Two years ago, I completed an initial review of Christopher Priest’s novels (excluding most of the earlier, primarily SF books) by looking at his latest novel, 2013’s The Adjacent, a magnificent book then still only on hardback. It brought together so many aspects of Priest’s body of work, immersed itself so thoroughly in his central theme of Unreality, that I said then that I would not be surprised if it were his final novel, so completely did it seem to sum up everything.
I’m more than happy to have been wrong about that, as this week Priest published yet another novel – his third in five years, which is positively prolific for him – set firmly in his increasingly dominant Dream Archipelago. The Gradual, which I have only read once and already look forward to re-reading, makes that world even more real.
For those unfamiliar with the Dream Archipelago, this concept originated as a psychological landscape, a background to a small number of Seventies’ short stories, before becoming an intrinsic, but potentially unreal setting for The Affirmation, the 1979 novel that drew attention from the literary world to Priest.
The world of the Archipelago is an Earth, a planet (though it is still very difficult to think of it in such concrete, limited terms) consisting of two continental land-masses, one in each hemisphere, separated by the broad, equatorial Midway Sea, which contains hundreds of islands of differing sizes, shapes, cultures, geographies and histories, more even than Ursula le Guin’s Earthsea.
The northern continent is divided between two nations, Faianland and Glaund, existing in a state of perpetual War, hundreds of years old, for reasons long since lost. The fighting, when the war is physical, takes place on the bare, frozen, uninhabited southern continent. The Dream Archipelago, lying between, is Neutral, by external imposition, by internal choice, by custom, preference, tradition and a strict insistence.
In The Gradual, which is in many ways the most straightforward, single-minded story Priest has ever set in this unusual existence, he introduces two new elements that form the basis of the story. The novel is narrated by Alessandro Sussken, a composer and musician and, for the first time, a native of Glaund. All previous stories have either featured natives of Faianland, exploring the Archipelago, or those native to its Neutrality.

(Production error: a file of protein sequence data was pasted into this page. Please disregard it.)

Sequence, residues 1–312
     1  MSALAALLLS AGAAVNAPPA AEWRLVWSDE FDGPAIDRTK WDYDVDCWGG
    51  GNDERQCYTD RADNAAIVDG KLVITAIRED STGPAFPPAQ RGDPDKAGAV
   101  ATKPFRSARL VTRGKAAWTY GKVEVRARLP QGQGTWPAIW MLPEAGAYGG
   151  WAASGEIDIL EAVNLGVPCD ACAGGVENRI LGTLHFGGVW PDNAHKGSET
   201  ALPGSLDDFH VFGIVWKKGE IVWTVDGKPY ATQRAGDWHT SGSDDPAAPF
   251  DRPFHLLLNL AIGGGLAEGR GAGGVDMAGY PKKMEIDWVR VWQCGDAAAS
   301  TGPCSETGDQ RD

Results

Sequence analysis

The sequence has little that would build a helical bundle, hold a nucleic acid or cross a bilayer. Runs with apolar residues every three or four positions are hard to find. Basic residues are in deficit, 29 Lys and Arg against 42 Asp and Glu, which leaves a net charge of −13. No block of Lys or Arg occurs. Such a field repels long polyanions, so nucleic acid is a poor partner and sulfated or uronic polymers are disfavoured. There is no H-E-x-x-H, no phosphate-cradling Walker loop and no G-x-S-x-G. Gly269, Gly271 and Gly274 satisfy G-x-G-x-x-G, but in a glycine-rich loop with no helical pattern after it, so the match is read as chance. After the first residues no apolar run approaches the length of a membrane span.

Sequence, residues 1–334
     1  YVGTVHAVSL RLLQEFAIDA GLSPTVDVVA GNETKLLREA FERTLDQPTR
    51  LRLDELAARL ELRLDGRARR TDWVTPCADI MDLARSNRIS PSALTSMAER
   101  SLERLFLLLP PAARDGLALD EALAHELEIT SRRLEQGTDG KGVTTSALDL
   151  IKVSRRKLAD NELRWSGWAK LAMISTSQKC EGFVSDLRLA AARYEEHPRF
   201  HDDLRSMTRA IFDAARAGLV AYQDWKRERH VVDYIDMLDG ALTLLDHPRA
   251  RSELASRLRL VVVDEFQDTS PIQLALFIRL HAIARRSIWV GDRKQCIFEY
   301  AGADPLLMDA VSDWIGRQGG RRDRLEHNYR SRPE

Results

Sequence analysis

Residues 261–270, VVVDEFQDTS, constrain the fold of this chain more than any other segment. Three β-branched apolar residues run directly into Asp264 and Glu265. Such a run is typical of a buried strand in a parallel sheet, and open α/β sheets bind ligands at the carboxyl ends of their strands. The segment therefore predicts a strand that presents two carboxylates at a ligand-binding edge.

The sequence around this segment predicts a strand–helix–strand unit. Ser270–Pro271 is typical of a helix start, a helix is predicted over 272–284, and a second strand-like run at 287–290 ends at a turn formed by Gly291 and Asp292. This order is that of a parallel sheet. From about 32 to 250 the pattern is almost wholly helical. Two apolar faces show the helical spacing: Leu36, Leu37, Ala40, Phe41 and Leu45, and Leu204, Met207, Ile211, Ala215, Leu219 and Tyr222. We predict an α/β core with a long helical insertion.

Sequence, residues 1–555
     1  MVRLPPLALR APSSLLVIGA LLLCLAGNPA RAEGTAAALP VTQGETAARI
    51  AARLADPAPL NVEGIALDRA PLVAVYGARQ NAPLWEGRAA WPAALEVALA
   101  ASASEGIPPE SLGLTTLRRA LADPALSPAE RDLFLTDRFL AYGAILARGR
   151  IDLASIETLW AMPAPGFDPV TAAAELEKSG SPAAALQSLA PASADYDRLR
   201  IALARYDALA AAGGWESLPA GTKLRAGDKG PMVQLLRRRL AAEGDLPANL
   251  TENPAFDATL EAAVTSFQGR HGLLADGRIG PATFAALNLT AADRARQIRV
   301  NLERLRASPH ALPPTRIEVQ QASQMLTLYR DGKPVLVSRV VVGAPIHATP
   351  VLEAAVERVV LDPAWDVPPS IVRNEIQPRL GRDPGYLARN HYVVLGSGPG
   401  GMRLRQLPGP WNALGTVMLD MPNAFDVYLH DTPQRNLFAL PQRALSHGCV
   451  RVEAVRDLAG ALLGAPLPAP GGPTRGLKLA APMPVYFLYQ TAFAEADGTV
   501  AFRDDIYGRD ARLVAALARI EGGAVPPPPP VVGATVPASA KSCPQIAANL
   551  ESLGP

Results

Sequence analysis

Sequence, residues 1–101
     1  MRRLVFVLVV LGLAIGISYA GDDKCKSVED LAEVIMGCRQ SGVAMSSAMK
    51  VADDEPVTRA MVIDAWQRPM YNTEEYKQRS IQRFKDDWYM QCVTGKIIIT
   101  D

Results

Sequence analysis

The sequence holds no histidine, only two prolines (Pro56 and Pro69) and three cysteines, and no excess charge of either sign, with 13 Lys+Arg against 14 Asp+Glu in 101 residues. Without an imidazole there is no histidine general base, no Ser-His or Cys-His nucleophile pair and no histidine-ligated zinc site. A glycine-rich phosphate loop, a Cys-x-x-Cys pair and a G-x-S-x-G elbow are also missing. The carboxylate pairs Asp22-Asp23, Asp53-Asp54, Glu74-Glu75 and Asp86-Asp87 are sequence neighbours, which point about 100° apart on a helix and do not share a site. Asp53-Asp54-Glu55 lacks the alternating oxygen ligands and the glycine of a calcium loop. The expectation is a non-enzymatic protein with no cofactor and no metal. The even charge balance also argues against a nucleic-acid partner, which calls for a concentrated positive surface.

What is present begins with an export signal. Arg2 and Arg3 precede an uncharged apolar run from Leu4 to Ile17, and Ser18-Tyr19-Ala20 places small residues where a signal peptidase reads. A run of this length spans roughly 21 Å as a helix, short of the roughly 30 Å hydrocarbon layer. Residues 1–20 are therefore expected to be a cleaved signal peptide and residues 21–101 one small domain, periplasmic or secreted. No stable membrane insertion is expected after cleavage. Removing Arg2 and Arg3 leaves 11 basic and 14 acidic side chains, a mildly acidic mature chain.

The second element, the gradual itself, is a concept that Priest retrofits into the Archipelago, an aspect of time that has previously gone unremarked upon. What this is, as in The Adjacent, is never explained in plain words, though the reader quickly learns the shape of it when it comes to the forefront of the story, in its latter stages.
Sussken is the younger son of professional musicians, resident in Errest, a town in Glaund. He has a brother, Jacj, four years older, who is vital to the story though he is absent from it for almost its whole length. Glaund is a cold, forbidding, enclosed, wintry country, reflecting its political structure. It is a repressed, repressive country, fascist in form, though communistic in its deprivation. Midway through the story, we understand that it is ruled by a military junta that overthrew a ‘corrupt’ civilian government around the time Alessandro is born.
Life in Glaund is so repressed that Sussken is seven before he discovers the existence of the islands, and even then he can only see three dim outlines: he must build up the islands and their life out of his own imagination. Not coincidentally, given that he lives for music, they are the spark for his earliest compositions. He grows into a well-respected, and gradually well-known composer, and a successful session musician.
Indeed, Sandro falls in love with, and marries Alynna, a talented pianist.
All goes well for several years, well into Sussken’s forties. His only concern is the discovery that a minor Archipelago musician, going by the name of And Ante, is plagiarising him pretty comprehensively, converting Sandro’s music into crude guitar-based rock.
But throughout this period, Sandro’s narrative keeps foreshadowing an end to his good times, the collapse of his life, which becomes when he is invited to participate in a cultural tour of the Archipelago, with a full orchestra, singers, composers etc.
The sixteen week tour is a splendid success, though Sandro returns with a sense of guilt for sleeping with the pianist ho so beautifully interpreted his Piano Concerto on the final night of the tour. This is but a minor shadow, and one that pales against the situation he discovers when he returns. His parents are dead, his wife has vanished, he is in horrendous debt, his home and possessions about to be seized. And if this is not bad enough of itself, this situation has arisen because, though Sandro can account for every day of his sixteen weeks away, nineteen months have elapsed in Glaund.
His wife, believing herself cruelly abandoned, has found another man, and even though Sussken rebuilds his financial probity, she suspects him of things he cannot explain, unless he can explain why time has betrayed him in this fashion.